What is your role as a parent?
Babies come into the world helpless and dependent on others. They need to be taken care of and feel safe, both physically and emotionally. The most important role you have as a parent (in addition to providing food and shelter) is protection of your child and providing comfort when they're distressed. This builds trust in your child that you will be there for them when they are frightened or overwhelmed by something. This also helps your child learn to regulate their emotions, and better understand those of others around them.
A related role is to encourage learning and exploration. Children are born with a desire to learn and explore their environment.
Your child will do this naturally as long as they feel safe and protected. You can help this process by expressing delight when something new or exciting is discovered by your child. You can also help by setting up situations which are appropriate for the age and ability of your child so they are more likely to experience success. This builds confidence and willingness to continue to learn new things.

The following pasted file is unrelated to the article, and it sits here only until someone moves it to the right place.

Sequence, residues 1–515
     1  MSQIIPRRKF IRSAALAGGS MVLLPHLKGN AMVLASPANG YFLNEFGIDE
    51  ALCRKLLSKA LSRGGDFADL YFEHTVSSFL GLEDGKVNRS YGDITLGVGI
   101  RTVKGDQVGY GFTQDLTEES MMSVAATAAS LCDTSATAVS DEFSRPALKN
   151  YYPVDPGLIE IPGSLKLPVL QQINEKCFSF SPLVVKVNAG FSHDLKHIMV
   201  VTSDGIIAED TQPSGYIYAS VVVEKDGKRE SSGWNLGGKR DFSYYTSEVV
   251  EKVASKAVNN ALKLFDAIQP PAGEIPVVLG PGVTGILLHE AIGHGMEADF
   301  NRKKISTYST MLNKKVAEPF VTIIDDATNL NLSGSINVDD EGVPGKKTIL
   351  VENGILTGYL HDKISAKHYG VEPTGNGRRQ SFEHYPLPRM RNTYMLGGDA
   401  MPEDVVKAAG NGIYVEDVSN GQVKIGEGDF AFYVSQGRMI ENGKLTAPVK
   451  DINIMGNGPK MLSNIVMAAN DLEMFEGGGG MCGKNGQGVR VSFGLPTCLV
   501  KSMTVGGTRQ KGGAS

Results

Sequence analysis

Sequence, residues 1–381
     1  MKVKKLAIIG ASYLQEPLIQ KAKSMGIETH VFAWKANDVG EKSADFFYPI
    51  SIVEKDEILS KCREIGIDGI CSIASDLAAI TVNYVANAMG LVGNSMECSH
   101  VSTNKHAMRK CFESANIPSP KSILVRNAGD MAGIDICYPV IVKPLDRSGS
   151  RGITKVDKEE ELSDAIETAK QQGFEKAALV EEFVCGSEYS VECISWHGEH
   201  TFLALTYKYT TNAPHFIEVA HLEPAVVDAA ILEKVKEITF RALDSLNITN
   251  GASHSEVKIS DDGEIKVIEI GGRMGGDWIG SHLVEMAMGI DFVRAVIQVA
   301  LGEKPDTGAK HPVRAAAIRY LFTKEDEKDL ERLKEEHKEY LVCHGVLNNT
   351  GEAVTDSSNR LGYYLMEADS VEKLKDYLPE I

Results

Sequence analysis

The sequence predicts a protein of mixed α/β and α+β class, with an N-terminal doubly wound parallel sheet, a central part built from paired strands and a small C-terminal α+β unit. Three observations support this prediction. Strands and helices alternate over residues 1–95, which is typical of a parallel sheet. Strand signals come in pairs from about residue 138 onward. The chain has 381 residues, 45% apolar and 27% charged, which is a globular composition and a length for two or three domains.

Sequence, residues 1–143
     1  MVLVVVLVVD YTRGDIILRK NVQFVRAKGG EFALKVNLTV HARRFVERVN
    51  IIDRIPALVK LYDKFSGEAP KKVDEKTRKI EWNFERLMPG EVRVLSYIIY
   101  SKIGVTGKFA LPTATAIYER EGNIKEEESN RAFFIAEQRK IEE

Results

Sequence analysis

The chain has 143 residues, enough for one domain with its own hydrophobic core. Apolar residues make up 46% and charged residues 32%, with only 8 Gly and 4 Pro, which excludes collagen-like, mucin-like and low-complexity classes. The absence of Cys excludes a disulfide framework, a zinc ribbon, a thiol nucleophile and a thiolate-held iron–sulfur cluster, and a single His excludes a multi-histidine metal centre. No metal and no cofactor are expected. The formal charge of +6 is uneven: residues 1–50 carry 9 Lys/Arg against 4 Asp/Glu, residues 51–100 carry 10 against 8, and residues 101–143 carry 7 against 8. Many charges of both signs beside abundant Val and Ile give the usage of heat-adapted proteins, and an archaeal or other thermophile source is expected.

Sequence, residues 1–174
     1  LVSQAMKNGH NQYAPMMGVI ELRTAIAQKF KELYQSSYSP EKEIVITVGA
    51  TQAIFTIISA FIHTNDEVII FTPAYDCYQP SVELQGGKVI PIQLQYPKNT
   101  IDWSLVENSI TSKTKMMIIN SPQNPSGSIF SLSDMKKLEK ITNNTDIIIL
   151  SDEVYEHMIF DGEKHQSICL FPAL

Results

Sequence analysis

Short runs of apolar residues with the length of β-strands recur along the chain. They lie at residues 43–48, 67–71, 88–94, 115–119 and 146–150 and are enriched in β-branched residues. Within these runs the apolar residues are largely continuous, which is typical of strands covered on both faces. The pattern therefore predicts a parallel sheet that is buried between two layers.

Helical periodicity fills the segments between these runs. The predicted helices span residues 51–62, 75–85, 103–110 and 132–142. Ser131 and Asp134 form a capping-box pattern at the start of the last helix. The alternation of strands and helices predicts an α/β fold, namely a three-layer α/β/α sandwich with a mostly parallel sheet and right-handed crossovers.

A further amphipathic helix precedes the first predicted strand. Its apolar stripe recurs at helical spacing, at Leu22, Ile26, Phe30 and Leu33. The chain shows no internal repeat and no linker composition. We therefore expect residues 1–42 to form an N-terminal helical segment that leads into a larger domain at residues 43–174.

Children will inevitably become frightened or upset by something. If the parent can be responsive, that is, tuned into what the child is feeling, and then can act in an effective way to soothe the child's distress, that child can then cope more effectively with whatever is causing their alarm. This helps them learn ways of handling any new situations of distress more easily on their own.
When the child's explorations are not supported, or when so much of the their time and energy is being taken up seeking comfort and security from an unknowing or unwilling caretaker, this exploratory urge gets dampened, and their ability to trust and rely on others gets distorted. This can, depending on how often it happens, turn into a lifelong problem, and the child may struggle with shame and low self-worth through life.
A nice graphic presentation of this process has been produced by the Circle of Security International:
For further understanding of this topic, please see the links below:
from the National Center on Parent, Family and Community Engagement
from the Centre of Excellence for Early Childhood Development
from Zero to Three
Yale Child Study Center
Hospital for Sick Children- Toronto
from Help Me Grow
from Parenting Science- Gwen Dewar, Ph.D.
From Parenting Exchange- Karen Stephens
From Building Your Family- Joanne Solchany Ph.D., R.N
From The Mule
From the Baby Center
Extensive parenting information site
Promoting the social emotional development and school readiness of children 0- 5
From The Center on the Social and Emotional
Foundations for Early Learning